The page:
Professional Design Miniature circuit breaker-FTM9-100 for Belgium Importers

Overview:



Technical data

Product illustration

Tripping characteristic

Exterior and dimensions

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Model: FTM9-100
Pole: 1P,2P,3P,4P
Rated current (A): 63,80,100
Rated frequency: 50
Rated voltage (V) 230,400
Breaking Capacity: 10
Rated impulse withstand voltage Uimp(KV): 4
Operating cycle times: /hour 120
Power on 4000
Power off 10000
Conventional non-tripping current t≤1h(In=63A) t≤2h(In>63A)
Conventionaltripping current: 1.45In t<1h(In=63A) t<2h(In>63A)
2.55In 1s<t<120s
Instantaneous tripping type: D
Instantaneous non-tripping current: t≤0.1s 10In
Instantaneous tripping current: t<0.1s 20In
Connection Wire ㎜²: Min/Max 16/50
Size(L×W×H) 1P 72×27×85
2P 77×54×85
3P 77×81×85
4P 77×108×85




FA-350B , Siemens Allis FA-350B Circuit Breaker 3000 amp Class A Reconditioned by our team in our “Super Shop”
5kV
350 MVA
3000 AMP

These are very rare circuit breakers with very little parts available. Our customer trusted our team to completely tear these down to the smallest part and rebuild back up. Their FA-350B circuit breakers have been extremely reliable since day one but it was time to do a rebuild. We are very fortunate to have a wonderful team and a great reputation here at Family owned and operated NAS. Our customer knows that once these are finished they will have the FA-350 circuit breakers back into service for years to come.

“They don’t build them like they used to” and our customer is very aware of that. First off, if they were to replace these circuit breakers it would cost them hundreds of thousands of dollars. Our North American Switchgear Class A Recondition cost saved them so much money and time. They know how reliable these circuit breakers are and did not even consider replacing them with new.

If you are looking to have your Siemens Allis FA-350B circuit breakers Class A reconditioned please consider our Family on your next request for quote.

www.naswgr.com
800-909-3660 toll free 216-402-0507 24/7
email- sales@naswgr.com

300,000 square feet on 9 acres

11,000+ 480 volt to 15kV air, vacuum, insulated circuit breakers and contactors.

Thousands of molded case circuit breakers, starters and contactors.

Thousands of low to high voltage fuses.

Digital and electrical mechanical relays.

Un-used surplus.

Switchgear lineups with thousands of cubicles and parts.

Top notch reconditioning and retrofitting services.

Panel board switches

Medium voltage switches indoor and outdoor.

24/7 access to sales.

Online web-store access www.naswgr-store.com

Siemens FA-350B
Siemens-Allis FA-350B
Siemens Allis FA-350B
Siemens FA-350
Siemens Allis FA-350



This video shows you how to locate and replace the fuse inside a fan. In some fans, the fuse is hidden inside one of the short fiberglass sleeves (gold color bundle in the picture) that cover the connections between the motor windings and the control wires. There is only one fuse but you will need to move cut the string and gently slide each sleeve until you find the small (grain of rice size) fuse. . What follows is informative feedback from a viewer with precise terminology for the circuit elements of interest.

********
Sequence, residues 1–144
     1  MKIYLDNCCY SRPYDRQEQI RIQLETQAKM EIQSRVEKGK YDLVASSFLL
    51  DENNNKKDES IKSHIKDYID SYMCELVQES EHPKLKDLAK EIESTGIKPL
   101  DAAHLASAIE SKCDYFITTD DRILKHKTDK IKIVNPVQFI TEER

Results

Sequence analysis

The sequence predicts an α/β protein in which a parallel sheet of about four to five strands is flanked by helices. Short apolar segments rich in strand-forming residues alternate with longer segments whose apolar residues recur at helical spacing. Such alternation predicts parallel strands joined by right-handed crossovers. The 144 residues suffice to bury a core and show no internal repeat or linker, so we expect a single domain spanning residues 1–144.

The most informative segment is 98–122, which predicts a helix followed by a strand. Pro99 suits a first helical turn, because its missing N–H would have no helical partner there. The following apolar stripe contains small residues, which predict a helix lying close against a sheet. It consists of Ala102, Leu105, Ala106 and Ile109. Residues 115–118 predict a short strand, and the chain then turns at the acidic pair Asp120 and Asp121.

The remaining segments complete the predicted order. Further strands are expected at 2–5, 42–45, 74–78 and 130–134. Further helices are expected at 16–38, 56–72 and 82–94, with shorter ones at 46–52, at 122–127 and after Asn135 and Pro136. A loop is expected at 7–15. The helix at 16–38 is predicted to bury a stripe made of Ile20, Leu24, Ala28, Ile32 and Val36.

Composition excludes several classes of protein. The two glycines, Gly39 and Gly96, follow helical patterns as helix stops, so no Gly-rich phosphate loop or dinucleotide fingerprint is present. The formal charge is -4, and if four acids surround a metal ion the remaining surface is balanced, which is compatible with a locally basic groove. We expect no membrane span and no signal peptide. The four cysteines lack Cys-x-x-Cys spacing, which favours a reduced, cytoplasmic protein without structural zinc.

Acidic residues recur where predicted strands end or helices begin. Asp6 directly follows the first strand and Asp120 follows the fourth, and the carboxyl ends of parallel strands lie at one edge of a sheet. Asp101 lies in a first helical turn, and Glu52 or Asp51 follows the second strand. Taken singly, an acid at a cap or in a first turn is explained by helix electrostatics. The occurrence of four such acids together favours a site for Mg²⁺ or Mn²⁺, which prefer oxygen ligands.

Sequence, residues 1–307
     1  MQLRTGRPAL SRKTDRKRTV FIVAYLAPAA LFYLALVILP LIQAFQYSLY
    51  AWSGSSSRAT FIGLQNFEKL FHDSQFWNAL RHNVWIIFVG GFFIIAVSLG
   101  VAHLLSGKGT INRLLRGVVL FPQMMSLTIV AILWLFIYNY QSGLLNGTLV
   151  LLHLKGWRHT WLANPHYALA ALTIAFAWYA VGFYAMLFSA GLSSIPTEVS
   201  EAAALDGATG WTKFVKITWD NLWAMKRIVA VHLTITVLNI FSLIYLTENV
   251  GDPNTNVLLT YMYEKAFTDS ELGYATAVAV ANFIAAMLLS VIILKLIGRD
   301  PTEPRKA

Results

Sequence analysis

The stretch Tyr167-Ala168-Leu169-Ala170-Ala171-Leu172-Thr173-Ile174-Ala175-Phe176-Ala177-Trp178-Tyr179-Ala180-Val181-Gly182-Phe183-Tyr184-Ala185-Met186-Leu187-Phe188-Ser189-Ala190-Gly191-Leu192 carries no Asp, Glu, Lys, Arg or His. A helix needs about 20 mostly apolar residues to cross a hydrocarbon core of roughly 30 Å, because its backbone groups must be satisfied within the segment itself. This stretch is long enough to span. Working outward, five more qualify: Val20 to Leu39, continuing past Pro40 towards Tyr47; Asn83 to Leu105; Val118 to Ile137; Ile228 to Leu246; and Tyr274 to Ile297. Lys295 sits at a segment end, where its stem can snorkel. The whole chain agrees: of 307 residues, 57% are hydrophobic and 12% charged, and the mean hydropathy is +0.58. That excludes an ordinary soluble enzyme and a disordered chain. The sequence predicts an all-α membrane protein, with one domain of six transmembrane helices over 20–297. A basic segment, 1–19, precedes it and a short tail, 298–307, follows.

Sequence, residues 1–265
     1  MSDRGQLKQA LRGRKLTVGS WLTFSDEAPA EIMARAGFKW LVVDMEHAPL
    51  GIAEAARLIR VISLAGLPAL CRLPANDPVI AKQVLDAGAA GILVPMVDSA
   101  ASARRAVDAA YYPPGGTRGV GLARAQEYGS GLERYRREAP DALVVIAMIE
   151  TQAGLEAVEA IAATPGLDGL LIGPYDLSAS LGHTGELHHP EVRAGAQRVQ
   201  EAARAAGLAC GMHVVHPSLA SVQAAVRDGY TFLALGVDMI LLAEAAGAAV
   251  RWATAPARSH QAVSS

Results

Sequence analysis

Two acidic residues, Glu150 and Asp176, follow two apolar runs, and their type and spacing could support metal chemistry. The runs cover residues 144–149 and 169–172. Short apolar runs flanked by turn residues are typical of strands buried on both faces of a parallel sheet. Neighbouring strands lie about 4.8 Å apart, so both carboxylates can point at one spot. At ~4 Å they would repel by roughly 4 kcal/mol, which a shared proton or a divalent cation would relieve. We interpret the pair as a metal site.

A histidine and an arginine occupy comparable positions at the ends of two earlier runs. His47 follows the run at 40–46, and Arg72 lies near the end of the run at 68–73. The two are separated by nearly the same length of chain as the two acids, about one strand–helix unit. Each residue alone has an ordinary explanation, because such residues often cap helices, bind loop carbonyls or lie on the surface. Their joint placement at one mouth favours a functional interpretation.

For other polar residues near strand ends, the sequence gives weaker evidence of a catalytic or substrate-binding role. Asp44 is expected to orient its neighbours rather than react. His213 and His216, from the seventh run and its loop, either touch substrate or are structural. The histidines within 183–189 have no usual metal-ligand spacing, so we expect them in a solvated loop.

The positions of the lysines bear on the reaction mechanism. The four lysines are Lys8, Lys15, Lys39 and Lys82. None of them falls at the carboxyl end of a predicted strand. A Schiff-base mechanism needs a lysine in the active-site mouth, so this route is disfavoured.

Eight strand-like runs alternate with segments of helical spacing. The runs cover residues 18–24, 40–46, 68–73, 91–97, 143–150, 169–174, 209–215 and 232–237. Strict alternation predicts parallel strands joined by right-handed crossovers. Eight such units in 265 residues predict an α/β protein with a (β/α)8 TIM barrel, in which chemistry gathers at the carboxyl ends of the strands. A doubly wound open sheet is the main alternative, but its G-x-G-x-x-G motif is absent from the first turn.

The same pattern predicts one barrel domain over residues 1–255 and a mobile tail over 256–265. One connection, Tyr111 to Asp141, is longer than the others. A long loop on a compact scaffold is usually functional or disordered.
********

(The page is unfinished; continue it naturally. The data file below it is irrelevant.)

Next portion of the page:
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Joshua Prince commented on a video on YouTube.
Shared publicly – 5:55 AM

Actually, clarification. The black square component you refer to at the start is not quite a fuse, as it wont trip off from over current. There really exists no fuse component in AC powered devices, but instead, are circuit breaker switches. Fuses are more common in DC devices. Not all devices, but some will have breakers, or also known as OVP switches (over voltage protection).

How can u tell if thermal switch??? From the way its placed. If you notice see how its tied against the coil directly?? Thats for a reason. Its a thermal safety relay/switch. It gets tripped off when the coil gets extreme hot, to prevent the coil catching on fire.. And usually the thermal switch has been set off, breaking the circuit and coils get no power. Direct contact, and heat transfers inductively. Now it has to be replaced with same rated replacement. Brand makes no differenc3. Just rating. And then fan bearings both front and rear bearings need lube, and if excess dust, cleaning. Which usually is why heated up firstly. Dust and worn dry bearings bottleneck the coils.

Once again to clarify its a thermal switch, not a fuse, or as i mentioned circuit breaker, which usually can be found on outdoor use AC current powered devices, such as air compressors, heat lamps, higher wattage lighting systems. So little black square component is an thermal switch. Usually rated around 115-120°f on 110-115v AC. Its the same in sense of an OVP Circuit breaker switch, where if the current exceeds the max rating allowed, it will trip it to the off position. In this case, if the coils on the stater gets too hot, or reaches max allowed.

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